Last Wednesday, I kind of walked into the fire. Not fire as in fire-fire but fire as in Latvian winter storm. In general this wouldn’t be such a big deal had I brought the right clothes, gear and shoes to my short business trip to Riga.
Due to very strict luggage restrictions I could only bring one small backpack for three days. Inside I had enough room for a laptop, washbag, spare clothes and the compact QCX-Mini Kit I built for exactly these occasions. I was wearing sneakers and jeans. At this point I had not planned a specific activation but I wanted at least to be able to operate YL/ & /p maybe 30 minutes from a nearby park – not a problem if you can jump right back into the warm hotel afterwards.
During our stay, my schedule for Wednesday morning freed up so I decided to try activating one out of only three SOTA summits in Latvia: YL/YL-003. It turns out this summit is also located within WWFF territory YLFF-0007 about a 1,5h drive from Riga. Big Thanks to Val (YL2SW), Latvia’s WWFF manager, for assisting me with local rules and processing my log. A quick look at the weather forecast showed freezing temperatures, 90% chance of snow, heavy winds and overcast. Many of you will understand why a SOTA&WWFF combo in a rare country could be a small reason not to use the hotel’s sauna on a day like that. Sometimes things just need to get done.
I got up early the next morning and was very happy to be able to grab a Bolt rental car from the street and get going quickly. The drive went by without issues up to a point just about 3km away from the mountain (well, 1-pointer hill I should say). The roads were completely covered in snow so I could barely see where I was driving. Latvia is a rather flat country but here it started to get a bit hilly and the tires were certainly not cut out for that. Continue reading CQ From Latvia with Love→
On Monday, March 8, 2021, I had a very rare opportunity: nearly a full day to play radio!
I debated where to go the night before and I had a lot of ideas. Do a multi-park run? Activate some new-to-me parks a little further afield? Hit a SOTA summit?
While it was very appealing to plan a multi-park run for POTA/WWFF, I really wanted to stretch my legs and activate a summit. The weather was glorious and it dawned upon me that we’ll soon be entering the season of afternoon thunderstorms which will, no doubt, have a negative impact on my summit plans for the next few months since afternoons are typically when I have time to do activations.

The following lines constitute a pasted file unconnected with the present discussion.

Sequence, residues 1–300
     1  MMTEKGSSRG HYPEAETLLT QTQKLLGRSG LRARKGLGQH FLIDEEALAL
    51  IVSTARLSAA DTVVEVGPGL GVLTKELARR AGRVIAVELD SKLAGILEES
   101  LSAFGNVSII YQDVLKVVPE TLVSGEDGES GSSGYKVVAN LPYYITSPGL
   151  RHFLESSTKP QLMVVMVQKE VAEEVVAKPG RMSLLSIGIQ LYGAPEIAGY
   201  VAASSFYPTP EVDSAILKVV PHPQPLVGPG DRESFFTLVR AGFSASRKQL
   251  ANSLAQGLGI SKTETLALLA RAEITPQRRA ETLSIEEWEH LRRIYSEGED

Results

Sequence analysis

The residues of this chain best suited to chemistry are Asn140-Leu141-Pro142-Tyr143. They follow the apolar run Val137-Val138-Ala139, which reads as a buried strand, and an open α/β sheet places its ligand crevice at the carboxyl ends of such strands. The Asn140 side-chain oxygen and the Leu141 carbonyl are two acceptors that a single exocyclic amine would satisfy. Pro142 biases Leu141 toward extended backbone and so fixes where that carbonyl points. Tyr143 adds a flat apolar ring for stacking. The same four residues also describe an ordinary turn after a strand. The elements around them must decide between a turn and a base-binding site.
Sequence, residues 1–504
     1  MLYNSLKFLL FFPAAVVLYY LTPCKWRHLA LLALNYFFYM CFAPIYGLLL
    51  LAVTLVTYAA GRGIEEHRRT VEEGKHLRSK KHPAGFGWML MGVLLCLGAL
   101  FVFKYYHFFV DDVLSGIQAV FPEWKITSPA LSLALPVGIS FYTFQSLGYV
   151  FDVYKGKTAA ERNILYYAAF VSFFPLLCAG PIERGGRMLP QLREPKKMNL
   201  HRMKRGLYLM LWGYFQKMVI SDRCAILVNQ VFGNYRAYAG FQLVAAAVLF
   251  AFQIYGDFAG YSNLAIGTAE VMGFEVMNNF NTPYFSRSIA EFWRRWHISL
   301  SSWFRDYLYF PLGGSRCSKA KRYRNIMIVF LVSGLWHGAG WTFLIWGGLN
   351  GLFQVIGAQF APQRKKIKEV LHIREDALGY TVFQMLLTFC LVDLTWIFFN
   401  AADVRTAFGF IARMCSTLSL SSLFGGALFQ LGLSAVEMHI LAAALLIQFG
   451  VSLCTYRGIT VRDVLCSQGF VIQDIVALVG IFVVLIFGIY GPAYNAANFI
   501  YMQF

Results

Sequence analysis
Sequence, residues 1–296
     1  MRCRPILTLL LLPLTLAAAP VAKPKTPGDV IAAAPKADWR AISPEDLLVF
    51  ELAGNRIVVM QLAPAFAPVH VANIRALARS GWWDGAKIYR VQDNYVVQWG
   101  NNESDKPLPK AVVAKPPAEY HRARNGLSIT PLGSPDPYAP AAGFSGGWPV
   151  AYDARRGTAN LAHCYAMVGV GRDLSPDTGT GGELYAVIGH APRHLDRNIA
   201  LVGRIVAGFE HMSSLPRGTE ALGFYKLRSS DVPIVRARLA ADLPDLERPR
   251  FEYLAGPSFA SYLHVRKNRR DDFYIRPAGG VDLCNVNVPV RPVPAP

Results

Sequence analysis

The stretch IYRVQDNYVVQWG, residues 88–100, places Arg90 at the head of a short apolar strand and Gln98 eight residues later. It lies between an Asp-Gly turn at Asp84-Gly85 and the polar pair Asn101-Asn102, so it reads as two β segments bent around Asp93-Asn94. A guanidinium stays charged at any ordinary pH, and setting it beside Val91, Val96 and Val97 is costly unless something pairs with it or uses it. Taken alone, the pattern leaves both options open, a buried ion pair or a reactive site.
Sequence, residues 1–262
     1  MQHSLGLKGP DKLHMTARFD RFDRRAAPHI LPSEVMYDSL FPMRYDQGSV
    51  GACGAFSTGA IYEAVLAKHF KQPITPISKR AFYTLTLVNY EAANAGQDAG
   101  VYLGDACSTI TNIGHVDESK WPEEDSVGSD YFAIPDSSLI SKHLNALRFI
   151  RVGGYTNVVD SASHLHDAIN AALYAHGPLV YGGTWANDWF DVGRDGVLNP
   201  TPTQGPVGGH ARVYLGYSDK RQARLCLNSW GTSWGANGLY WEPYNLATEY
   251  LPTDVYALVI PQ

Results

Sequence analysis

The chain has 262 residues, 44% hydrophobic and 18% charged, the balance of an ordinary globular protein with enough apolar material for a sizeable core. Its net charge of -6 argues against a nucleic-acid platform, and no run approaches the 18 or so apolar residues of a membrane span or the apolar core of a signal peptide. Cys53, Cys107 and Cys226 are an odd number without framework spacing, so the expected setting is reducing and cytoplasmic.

After examining the map, I decided to go to Elk Knob State Park. The summit of Elk Knob is a SOTA site and the park is in both the POTA and WWFF programs.
When people tell me running QRP is like “trying to play radio with both hands tied behind your back” I’ll show them this video. 🙂
While the hike, the weather, and the signals were all in my favor, I’ll admit I wasn’t on my “A Game” that day. We all have days like this where we struggle to copy, to keep up with the flow of contacts, and to send correctly.
In recent weeks, I’ve gotten a number of emails from readers and viewers who said they had a less-than-smooth SOTA or POTA activation and felt a wee bit embarrassed on the air when they struggled copying.
But you know what?
This is all about having radio fun in the field, enjoying a hike, taking in the views, and soaking up the beautiful weather! It’s not a contest and we have nothing to prove to anyone.
I can also promise you that any chaser/hunter who has ever activated a field site will completely understand if they have to send their call a couple extra times or if they (heaven forbid!) have to re-send their call after you incorrectly copy a character.
This is totally normal.
Be easy on yourself and enjoy the ride. Even on days when I don’t feel like I’m 100% in the groove, I find doing a summit or park activation clears my mind and resets my soul.
My policy? When a mistake is made laugh it off and move on!
Here are a few extra photos from the Elk Knob hike: